The ABC of food and wine pairing
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The ABC of food and wine pairing

Wine should enhance your meal, and every single dish in it. It contributes to forming a subtle and somewhat magical union, turning a shared moment with friends or family into an unforgettable memory. For this symbiosis of food and wine to be perfect, however, it is important to follow a few basic rules. Here are a few of them.

Rule no. 1: always follow good with better 

If you choose to serve different wines with each course, you must ensure that your guests do not hanker after the previous wine. We do not recommend serving a Sylvaner with your sauerkraut after a Riesling Grand Cru for the aperitif!!

Rule no. 2: avoid starting the meal with a sweet wine

It is very tempting to succumb to the charms of a Gewurztramineras a pre-prandial drink, for example. But it would not be a good idea, since your taste buds would immediately be saturated with sugar and alcohol. Of course, the traditional pairing of foie gras and medium-sweet or sweet wines is superb, but you can also make a complete break with a more mineral wine such as Riesling

Rule no. 3: treat your special wines and ingredients with the respect they deserve

When you cook morel mushrooms, lobster, truffles or game, you are taking a premium approach to your meal. You should choose your wine accordingly: you will need fine, well-structured wines for perfect harmony.

Rule no. 4: match your dishes with wines of the appropriate age

Young, fresh and crisp wines go well with uncooked foods such as summer salads. Conversely, older, more complex and sophisticated wines are better suited to autumn and winter dishes like mushrooms and game.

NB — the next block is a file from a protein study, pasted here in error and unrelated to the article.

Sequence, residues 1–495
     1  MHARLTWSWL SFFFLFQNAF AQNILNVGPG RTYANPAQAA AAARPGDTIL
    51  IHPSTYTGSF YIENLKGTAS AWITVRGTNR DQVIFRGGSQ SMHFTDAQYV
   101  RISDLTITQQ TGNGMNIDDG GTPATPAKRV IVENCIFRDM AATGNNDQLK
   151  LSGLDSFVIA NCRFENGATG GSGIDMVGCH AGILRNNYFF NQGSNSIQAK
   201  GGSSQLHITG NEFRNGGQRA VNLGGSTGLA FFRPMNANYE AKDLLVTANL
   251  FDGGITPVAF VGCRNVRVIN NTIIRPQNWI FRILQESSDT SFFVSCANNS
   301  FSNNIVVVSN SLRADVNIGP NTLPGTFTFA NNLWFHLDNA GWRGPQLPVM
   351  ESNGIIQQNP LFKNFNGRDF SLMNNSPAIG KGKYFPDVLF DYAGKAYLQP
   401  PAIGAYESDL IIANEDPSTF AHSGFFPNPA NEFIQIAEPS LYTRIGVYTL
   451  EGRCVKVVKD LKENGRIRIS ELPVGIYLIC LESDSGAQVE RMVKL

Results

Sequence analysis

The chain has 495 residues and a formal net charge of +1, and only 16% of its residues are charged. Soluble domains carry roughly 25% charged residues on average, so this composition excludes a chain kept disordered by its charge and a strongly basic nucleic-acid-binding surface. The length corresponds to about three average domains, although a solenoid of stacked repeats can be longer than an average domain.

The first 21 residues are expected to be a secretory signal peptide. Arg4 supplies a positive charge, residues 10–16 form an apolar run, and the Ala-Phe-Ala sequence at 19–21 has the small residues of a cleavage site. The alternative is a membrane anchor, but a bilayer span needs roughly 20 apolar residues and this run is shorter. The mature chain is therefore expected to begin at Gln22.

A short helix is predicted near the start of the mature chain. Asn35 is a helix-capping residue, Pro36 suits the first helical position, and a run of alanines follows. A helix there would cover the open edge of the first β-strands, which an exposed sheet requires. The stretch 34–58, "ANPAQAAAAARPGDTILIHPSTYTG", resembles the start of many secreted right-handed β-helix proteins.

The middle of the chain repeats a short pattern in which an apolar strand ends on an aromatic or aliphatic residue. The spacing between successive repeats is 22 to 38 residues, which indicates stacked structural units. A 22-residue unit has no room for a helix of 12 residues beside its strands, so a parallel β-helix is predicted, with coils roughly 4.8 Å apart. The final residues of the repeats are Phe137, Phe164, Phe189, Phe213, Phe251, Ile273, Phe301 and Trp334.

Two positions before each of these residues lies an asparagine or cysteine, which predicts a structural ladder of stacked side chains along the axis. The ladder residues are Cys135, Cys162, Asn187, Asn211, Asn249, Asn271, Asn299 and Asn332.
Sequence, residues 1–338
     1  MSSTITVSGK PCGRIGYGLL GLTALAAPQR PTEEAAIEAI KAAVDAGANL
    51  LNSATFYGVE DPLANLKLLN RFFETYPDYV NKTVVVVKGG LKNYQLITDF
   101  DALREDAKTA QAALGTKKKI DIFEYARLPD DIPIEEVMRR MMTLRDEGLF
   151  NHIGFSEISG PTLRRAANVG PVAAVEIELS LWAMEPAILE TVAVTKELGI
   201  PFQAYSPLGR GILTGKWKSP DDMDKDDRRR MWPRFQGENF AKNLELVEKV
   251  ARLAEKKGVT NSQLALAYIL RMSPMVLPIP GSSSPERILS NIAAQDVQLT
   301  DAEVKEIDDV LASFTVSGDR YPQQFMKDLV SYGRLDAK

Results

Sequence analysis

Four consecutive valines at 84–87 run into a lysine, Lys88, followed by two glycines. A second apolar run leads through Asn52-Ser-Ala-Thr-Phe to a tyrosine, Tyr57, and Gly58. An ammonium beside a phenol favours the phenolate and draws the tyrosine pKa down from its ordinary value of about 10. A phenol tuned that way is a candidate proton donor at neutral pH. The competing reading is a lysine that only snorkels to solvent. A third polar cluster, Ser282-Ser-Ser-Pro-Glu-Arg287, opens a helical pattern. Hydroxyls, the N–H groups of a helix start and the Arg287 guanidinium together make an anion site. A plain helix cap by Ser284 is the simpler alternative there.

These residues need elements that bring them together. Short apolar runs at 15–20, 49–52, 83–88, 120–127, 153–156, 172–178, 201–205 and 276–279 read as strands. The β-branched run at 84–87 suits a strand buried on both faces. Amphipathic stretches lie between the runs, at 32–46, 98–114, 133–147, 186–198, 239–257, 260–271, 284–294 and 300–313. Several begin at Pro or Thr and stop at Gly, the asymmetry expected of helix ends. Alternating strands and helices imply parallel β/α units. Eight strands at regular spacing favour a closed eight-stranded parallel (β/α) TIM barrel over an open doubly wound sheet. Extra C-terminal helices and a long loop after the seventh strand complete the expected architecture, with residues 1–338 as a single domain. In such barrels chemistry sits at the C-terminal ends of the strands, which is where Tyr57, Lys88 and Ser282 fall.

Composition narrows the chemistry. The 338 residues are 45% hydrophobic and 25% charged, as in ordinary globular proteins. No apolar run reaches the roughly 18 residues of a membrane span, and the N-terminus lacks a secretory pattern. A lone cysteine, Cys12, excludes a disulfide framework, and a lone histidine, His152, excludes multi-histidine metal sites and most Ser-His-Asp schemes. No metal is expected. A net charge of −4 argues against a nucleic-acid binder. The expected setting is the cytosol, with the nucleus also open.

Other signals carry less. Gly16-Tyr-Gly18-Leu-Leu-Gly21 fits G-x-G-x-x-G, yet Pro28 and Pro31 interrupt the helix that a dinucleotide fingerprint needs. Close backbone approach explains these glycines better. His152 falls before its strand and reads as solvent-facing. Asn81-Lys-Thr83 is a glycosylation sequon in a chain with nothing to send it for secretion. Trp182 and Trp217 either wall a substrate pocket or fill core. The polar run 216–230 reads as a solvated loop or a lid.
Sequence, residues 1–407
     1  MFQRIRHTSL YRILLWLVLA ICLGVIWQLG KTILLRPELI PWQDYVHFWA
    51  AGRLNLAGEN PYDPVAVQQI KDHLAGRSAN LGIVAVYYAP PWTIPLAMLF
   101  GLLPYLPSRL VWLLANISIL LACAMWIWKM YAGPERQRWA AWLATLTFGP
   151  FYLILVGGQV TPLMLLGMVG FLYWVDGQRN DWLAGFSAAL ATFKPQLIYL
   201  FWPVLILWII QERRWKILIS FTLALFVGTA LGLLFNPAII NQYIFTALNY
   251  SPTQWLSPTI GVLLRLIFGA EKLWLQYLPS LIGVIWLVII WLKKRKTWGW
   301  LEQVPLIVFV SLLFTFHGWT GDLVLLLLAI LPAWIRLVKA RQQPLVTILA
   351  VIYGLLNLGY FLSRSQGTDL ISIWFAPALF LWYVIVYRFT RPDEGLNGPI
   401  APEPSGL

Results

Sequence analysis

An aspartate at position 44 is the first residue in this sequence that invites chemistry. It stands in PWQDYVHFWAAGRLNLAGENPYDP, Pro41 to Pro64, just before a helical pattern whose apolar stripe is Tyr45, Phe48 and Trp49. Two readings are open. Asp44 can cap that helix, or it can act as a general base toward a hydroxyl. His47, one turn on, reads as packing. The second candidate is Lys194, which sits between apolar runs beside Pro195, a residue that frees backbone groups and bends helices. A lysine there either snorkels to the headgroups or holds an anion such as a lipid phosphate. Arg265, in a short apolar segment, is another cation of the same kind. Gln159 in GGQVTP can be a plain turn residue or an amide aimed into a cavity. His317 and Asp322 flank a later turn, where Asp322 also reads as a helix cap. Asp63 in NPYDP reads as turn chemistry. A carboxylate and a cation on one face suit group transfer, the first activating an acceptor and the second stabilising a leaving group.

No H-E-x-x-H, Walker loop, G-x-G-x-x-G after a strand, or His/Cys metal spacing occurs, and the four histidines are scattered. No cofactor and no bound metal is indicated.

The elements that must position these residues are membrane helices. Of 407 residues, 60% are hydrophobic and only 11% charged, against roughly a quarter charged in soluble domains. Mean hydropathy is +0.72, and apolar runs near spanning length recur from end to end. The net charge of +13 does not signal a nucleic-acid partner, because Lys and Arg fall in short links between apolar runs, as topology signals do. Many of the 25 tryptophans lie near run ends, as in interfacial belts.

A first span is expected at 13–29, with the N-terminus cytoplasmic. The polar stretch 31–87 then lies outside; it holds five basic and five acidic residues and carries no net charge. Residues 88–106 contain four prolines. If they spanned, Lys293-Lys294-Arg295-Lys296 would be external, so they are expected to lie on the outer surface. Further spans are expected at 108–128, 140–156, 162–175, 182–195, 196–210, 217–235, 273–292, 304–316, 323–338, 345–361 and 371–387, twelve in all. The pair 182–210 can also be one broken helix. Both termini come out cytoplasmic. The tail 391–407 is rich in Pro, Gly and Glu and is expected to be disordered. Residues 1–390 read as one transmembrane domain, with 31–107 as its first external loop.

Rule no. 5: give contrasts a chance

It might seem a surprising choice to serve a sweet wine with Roquefort cheese, but it works supremely well. Why? Sweet and savoury flavours come together, with the creaminess of the wine and the fat of the cheese complementing each other perfectly. Likewise, white meat in a cream sauce can also be matched with a sweet wine.

Rule no. 6: don’t forget colour harmonies

White wine is traditionally offered with fish…. which is generally white in colour. Red wineis served with a cut of beef… which is red. It might seem obvious, but co-ordinating the colours of food and wine works rather well. As evidence of this, you would probably opt for a red with a tuna steak and a white with chicken in a sauce! And why not try a Crémant Brut Rosé with gravlax or salmon maki rolls...

Rule no. 7: showcase the terroir

There are favoured wines for all regional dishes. Cahors and duck confit, Riesling and sauerkraut, Bandol and aioli, and Gewurztraminer and Munster cheese are all tried and tested pairings. You will remain in familiar territory with these matches, with the security of knowing that your dish and your wine work well together.


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AOC Alsace
Riesling Grand Cru Schlossberg
Grands Crus
Riesling Vendanges Tardives
AOC Alsace